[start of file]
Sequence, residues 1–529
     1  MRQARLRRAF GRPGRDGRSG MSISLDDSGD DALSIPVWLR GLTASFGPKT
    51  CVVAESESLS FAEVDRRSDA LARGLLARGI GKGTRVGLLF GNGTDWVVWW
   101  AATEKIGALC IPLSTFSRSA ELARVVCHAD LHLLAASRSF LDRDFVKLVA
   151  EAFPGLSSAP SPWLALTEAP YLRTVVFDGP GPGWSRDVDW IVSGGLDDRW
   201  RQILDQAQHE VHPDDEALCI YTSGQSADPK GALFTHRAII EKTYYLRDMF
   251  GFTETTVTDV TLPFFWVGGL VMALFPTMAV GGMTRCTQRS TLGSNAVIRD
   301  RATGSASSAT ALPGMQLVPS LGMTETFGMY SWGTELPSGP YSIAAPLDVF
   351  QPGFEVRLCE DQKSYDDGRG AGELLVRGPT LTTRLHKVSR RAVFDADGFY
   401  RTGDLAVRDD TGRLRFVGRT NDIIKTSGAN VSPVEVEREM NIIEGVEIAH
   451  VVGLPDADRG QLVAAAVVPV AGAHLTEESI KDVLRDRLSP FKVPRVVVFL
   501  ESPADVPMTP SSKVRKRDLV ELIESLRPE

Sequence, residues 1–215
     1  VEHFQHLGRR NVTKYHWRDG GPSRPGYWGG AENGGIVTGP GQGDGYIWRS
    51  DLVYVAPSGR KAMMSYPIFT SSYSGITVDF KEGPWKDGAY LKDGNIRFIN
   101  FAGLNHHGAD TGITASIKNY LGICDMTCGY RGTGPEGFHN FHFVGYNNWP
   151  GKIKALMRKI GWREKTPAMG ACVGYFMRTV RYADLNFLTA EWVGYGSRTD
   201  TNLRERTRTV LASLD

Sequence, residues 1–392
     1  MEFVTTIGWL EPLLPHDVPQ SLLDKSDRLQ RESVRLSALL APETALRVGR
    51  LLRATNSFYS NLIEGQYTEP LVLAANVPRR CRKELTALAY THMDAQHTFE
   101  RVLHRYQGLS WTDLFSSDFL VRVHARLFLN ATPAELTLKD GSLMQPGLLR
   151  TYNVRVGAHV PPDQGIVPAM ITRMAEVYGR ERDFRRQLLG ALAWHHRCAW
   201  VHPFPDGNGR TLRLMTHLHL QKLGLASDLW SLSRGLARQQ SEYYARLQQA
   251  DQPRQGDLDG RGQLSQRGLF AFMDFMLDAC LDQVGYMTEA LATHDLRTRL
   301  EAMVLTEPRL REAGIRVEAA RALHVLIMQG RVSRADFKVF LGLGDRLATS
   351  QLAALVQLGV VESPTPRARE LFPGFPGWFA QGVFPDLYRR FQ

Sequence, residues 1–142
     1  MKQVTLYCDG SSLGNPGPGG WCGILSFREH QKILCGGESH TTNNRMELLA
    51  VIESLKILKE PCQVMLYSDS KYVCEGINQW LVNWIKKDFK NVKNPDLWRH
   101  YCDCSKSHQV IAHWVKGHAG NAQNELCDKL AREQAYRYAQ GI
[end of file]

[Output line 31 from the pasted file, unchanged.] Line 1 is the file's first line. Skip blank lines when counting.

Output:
   101  YCDCSKSHQV IAHWVKGHAG NAQNELCDKL AREQAYRYAQ GI